I cannot deny that upon learning that Amber Riley had been struck down with pneumonia, just a few days before I was due to go and see her in Dreamgirls, I was a little bit devastated. My tickets were a birthday present and a treat up to which I had been counting down the days. I was assured that Riley’s replacement, Marisha Wallace, was a worthy understudy and I would not be disappointed – but how could I not be? Like many others, a large part of my decision to see the show was down to my love for Riley in Glee.
As it was, the show that I saw in January was simply outstanding. Marisha Wallace, flown in from the United States especially, was a revelation, absolutely slaying the show’s biggest and most heartfelt number, ‘And I Am Telling You, I’m Not Going’ with a gut-wrenchingly powerful vocal performance. My subsequent review was positively glowing with compliments for the cast and the production, extolling praise for the clever staging, the rousing musical numbers and the deft balance struck between impassioned drama and brilliant comedy.
I left the Savoy Theatre with my heart full and practically bouncing down the cobbled streets of Covent Garden. It was a buoyant feeling that convinced me that I needed to see the show again, not just to see Riley, but to feel that addictive joy. Dreamgirls truly is an example of the best that musical theatre has to offer.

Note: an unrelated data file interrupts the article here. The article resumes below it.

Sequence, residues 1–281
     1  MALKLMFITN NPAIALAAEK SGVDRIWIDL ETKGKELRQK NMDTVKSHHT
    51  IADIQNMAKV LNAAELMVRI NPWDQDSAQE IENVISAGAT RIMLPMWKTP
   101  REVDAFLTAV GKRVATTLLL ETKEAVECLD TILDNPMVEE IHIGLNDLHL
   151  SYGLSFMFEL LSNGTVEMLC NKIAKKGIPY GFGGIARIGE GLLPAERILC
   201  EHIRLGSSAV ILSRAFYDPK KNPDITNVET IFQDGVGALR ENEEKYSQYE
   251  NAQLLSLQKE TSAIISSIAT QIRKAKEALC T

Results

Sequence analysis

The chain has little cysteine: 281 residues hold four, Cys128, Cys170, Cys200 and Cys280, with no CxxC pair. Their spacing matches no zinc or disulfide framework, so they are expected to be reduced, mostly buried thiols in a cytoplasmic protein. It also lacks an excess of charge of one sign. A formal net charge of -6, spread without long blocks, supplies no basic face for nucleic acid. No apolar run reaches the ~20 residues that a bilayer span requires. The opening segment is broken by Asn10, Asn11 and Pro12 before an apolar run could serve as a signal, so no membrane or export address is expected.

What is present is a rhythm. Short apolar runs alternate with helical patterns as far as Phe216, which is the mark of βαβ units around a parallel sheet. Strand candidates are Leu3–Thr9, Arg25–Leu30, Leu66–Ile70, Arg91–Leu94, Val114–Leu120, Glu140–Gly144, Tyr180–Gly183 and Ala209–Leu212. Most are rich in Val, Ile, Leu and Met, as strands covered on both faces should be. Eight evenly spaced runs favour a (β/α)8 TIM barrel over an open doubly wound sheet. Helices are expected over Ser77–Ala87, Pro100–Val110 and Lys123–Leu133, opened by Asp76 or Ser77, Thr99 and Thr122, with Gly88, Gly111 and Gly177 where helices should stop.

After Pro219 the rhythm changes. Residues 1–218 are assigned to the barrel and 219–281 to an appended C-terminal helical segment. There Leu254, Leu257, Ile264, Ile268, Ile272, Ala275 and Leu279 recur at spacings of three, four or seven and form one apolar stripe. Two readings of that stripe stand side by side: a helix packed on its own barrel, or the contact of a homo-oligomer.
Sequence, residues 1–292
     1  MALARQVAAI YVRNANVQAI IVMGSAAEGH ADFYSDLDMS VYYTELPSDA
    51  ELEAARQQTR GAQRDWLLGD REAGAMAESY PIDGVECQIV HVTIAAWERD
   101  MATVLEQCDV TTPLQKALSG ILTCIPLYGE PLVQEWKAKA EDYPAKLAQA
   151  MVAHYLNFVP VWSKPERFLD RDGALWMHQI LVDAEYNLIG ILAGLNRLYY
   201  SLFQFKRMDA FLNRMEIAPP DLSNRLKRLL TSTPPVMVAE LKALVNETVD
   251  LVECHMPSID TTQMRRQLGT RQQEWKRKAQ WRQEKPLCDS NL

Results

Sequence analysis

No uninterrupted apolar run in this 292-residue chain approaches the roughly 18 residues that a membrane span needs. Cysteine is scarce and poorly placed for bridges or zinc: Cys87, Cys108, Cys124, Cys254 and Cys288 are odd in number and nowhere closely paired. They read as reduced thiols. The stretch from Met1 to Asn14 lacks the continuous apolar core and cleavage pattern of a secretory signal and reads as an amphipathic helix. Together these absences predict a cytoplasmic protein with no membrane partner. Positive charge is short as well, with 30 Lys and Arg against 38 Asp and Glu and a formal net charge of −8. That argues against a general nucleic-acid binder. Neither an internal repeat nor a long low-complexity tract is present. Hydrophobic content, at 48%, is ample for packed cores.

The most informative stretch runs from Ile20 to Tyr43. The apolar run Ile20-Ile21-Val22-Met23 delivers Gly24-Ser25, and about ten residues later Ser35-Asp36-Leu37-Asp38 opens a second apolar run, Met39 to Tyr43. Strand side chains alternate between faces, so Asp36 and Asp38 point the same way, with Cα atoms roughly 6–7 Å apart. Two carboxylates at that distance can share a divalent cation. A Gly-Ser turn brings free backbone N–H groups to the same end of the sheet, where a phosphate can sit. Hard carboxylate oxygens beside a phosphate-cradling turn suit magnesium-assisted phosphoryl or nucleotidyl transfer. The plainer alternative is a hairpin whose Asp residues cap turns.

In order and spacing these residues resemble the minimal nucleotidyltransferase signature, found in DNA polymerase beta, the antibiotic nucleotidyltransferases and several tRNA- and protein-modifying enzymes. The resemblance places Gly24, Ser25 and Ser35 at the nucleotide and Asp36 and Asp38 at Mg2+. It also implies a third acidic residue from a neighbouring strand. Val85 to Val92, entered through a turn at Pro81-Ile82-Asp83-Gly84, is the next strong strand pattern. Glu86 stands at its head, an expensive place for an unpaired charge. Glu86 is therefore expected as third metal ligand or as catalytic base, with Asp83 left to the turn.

Last week I finally returned to the Savoy Theatre, this time having checked (and double checked) that Amber Riley was scheduled to perform and ready to compare and contrast. Would Riley live up to the honour of an Olivier win? Would it be everything I had been waiting for?
Once again, any doubts or worries I might have had were quickly forgotten. Riley was, quite simply, phenomenal. Her exceptional comedic timing, her heartbreakingly real emotion, that voice… All it took was the first few notes of ‘And I’m Telling You…’ and I was welling up, tears streaming down my face, forgetting that my phone was on my lap as I jumped to my feet at the end. My only complaint would have to be the audience was enjoying it so much at times it was hard to hear her.
To compare Riley and Wallace would be to do them both a disservice. They brought different qualities, different nuances to Effie – both brilliant, both powerful, both beautiful enough to bring me to tears. It has been a great privilege to see both these ladies show the world their boundless talent – I would go back, again and again and again. One Night Only? No thanks.